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Another Scientist Under Investigation for Sexual Misconduct, When Will It All Just End?

[sighing intensifies]



Woo! The list of gross people working in science grows yet again. Brian Richmond, a paleoanthropologist at the American Museum of Natural History, is under investigation for sexual misconduct. This isn’t the first time Richmond’s been under investigation for this, and somehow, I don’t think it will be his last.

According to the statement from the unnamed research assistant accusing Richmond of sexually assaulting her, Richmond forced himself onto her after they had been out drinking in Italy after a meeting. She remembers “walking around Florence and realizing that I was way too drunk.” After that, the next thing she can remember was waking up on Richmond’s bed in his hotel room with him on top of her, kissing her and groping under her skirt. Ugh.

Richmond continues to deny that’s what happened, telling Science Magazine that what happened “did not progress beyond kissing and embracing. [We] ceased the instant my colleague said, ‘This isn’t a good idea.’” He also says, “While we were both drinking, neither of us was incapacitated.”

After reporting Richmond, a Title IX investigation was launched, resulting in the research assistant being reassigned to a new supervisor. Richmond? He got a warning about AMNH’s Zero Tolerance policy, then went right back to his old job. Once the story of Richmond’s alleged assault made the rounds on campus and at other meetings like the one he attended in Italy with the research assistant, people began to ask questions. One of his colleagues began digging, and found that nobody was surprised by the story, and said that they themselves have been targeted by Richmond before.

As is so often the case with situations like these, once the research assistant began sharing her story, many other stories came to light. Plenty of other women began to share their experiences in dealing with Richmond’s harassment and unwanted advances. This kicked off another Title IX investigation, which turned up two more students who say they were groped, one of whom said she was propositioned by Richmond afterwards.

The resulting punishment of this investigation? Nothing. Not one thing happened to Richmond. After receiving the results of the investigation, AMNH didn’t do a single thing. I take that back–he was given a positive job evaluation and a raise.

As of now, The Verge reports that there is a third investigation being conducted. Elizabeth Lopatto writes:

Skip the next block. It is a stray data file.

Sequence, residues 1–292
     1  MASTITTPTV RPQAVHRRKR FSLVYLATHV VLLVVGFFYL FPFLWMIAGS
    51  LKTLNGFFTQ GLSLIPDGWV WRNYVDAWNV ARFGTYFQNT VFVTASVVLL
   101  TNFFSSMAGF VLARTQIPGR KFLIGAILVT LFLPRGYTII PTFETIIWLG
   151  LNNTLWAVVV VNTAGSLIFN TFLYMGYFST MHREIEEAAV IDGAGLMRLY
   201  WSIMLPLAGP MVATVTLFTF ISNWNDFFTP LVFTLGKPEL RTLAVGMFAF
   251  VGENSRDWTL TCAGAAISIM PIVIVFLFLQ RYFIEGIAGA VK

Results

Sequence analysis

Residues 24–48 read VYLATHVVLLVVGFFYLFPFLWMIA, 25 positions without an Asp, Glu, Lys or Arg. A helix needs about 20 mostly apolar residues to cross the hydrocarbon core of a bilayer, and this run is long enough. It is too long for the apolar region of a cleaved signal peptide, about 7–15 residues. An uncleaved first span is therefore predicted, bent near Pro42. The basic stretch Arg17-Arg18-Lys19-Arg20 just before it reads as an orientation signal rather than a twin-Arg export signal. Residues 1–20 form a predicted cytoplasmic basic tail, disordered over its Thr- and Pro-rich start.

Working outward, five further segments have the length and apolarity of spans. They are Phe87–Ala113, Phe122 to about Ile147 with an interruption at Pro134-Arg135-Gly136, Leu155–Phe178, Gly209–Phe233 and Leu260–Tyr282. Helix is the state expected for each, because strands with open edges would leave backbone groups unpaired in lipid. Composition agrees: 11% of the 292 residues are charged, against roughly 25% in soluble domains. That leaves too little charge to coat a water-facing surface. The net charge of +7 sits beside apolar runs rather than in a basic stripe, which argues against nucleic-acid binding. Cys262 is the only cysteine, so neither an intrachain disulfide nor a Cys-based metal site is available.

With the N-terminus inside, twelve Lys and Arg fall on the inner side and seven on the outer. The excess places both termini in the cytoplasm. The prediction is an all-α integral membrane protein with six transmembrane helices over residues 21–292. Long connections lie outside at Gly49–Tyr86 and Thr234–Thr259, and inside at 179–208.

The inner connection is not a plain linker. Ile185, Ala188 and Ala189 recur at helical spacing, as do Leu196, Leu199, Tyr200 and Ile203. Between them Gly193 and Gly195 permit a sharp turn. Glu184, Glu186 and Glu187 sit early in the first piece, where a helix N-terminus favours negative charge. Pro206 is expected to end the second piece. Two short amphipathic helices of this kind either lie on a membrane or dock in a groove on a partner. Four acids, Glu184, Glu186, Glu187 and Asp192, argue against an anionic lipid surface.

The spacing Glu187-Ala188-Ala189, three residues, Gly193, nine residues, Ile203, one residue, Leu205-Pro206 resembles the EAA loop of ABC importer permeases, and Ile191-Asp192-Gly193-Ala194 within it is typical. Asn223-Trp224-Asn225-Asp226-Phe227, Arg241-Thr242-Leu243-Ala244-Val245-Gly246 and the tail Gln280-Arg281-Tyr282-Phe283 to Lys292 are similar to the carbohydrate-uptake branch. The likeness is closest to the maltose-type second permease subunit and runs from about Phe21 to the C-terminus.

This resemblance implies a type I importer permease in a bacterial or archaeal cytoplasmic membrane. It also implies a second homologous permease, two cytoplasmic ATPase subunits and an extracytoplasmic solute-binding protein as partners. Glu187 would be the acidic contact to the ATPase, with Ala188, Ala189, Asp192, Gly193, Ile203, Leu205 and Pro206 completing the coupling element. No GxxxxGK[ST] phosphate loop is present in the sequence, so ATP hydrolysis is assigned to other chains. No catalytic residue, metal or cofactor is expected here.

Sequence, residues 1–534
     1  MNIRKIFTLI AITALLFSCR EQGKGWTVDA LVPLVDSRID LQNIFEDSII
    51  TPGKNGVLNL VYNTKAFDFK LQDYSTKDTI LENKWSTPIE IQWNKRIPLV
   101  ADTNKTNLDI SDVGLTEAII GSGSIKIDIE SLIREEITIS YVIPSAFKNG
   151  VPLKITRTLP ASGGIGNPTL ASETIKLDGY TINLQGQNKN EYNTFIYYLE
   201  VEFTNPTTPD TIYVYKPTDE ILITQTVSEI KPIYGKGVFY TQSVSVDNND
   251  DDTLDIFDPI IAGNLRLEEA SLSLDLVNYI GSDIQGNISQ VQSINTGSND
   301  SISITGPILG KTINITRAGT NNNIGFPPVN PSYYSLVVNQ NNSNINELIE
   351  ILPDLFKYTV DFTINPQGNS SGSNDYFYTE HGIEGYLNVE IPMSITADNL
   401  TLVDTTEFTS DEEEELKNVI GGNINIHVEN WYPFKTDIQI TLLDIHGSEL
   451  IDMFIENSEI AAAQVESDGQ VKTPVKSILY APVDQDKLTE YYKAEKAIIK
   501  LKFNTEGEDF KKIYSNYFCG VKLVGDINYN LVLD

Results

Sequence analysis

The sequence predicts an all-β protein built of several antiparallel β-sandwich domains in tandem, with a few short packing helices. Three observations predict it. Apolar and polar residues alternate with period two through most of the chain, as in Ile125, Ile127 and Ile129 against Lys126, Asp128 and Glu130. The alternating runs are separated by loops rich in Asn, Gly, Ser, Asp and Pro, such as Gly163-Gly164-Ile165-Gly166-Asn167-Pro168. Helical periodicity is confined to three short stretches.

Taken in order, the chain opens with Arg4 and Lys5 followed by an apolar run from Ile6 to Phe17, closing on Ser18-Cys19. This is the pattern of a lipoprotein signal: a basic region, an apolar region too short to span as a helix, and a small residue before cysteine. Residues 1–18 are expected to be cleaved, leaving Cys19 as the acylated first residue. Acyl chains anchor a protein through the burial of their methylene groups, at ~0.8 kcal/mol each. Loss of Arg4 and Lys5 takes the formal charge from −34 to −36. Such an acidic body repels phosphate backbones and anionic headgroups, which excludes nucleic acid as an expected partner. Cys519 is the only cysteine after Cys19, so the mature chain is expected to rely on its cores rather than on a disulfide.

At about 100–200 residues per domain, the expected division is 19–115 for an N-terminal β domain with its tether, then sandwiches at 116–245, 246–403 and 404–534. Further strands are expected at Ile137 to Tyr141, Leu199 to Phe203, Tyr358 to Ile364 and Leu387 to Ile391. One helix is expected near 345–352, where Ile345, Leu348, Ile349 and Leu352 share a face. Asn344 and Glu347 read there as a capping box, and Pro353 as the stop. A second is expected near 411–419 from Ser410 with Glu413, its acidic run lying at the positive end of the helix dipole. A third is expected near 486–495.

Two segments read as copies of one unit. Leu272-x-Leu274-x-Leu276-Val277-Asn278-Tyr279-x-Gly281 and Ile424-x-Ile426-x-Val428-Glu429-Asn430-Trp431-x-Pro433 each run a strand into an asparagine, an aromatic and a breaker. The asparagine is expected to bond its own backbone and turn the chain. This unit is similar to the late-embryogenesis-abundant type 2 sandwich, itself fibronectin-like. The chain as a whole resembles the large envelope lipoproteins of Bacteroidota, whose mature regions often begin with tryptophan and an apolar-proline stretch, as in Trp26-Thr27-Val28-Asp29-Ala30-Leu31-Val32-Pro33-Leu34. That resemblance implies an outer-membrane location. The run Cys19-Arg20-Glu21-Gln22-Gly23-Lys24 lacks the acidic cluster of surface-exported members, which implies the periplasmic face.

“It’s not that we believe the [Gordon] investigation was inadequate,” says AMNH spokeswoman Anne Canty. “If there is more information out there, we want to know.” When The Verge asked if any new information had come to light to prompt the third investigation, Canty replied because allegations “continued to circulate,” creating “growing consternation in the anthropology community,” another investigation was warranted.

An outside firm was brought on board to investigate because “much of the alleged conduct concerns activity prior to his employment at the Museum — on other campuses and locations where no complaints were filed.

You’ll remember that just last month Christian Ott, an astrophysics professor at Caltech, found himself in hot water after more than a few of his former students accused him of sexual misconduct. Same goes for Geoff Marcy, another astrophysicist who resigned from his position at Berkeley following another Title IX investigation.

As of right now there is legislation being put through Congress by Congresswoman Jackie Speier that would make the results of Title IX investigations public, thus bringing professors’ illegal behavior to light. The hope is that this would curb harassment attempts, because with the knowledge that their work and their name would be tarnished forever, it might get them to stop. That’s great and all, but it sure would be nice to get them to stop harassing their students because you really just shouldn’t do that I’m just saying.


The shitty thing about all of this is that institutes are often dissuaded from doling out punishments for these professors. On the one hand, they have their reputations to uphold (*eyeroll*), and on the other, they stand to lose funding. Even a tangential awareness of the state of education in this country would tell you that funding is lifeblood. Without it, the important work these places are doing would never get done. In a lot of ways, these places are forced to be in bed with “the enemy” in order to stay alive, and that’s a grim truth that is fucked up in every way, shape, and form.

No matter how you cut it, the solution is simple: get professors to stop being fucking skeezy. Stop harassing those working underneath you. Understand the power dynamics (again) that are at play here and do your field a solid by just not being a disgusting human being. Science has enough very real problems to deal with without you getting in trouble for your insatiable need to get your fucking rocks off. Knock it off. Be a human being and respect one another.

Because at the end of the day, it’s not the lack of funding that’ll kill the work you’re doing. It’s your behavior.

(image PathDoc via Shutterstock)

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Jessica Lachenal is a writer who doesn’t talk about herself a lot, so she isn’t quite sure how biographical info panels should work. But here we go anyway. She's the Weekend Editor for The Mary Sue, a Contributing Writer for The Bold Italic (, and a Staff Writer for Spinning Platters ( She's also been featured in Model View Culture and Frontiers LA magazine, and on Autostraddle. She hopes this has been as awkward for you as it has been for her.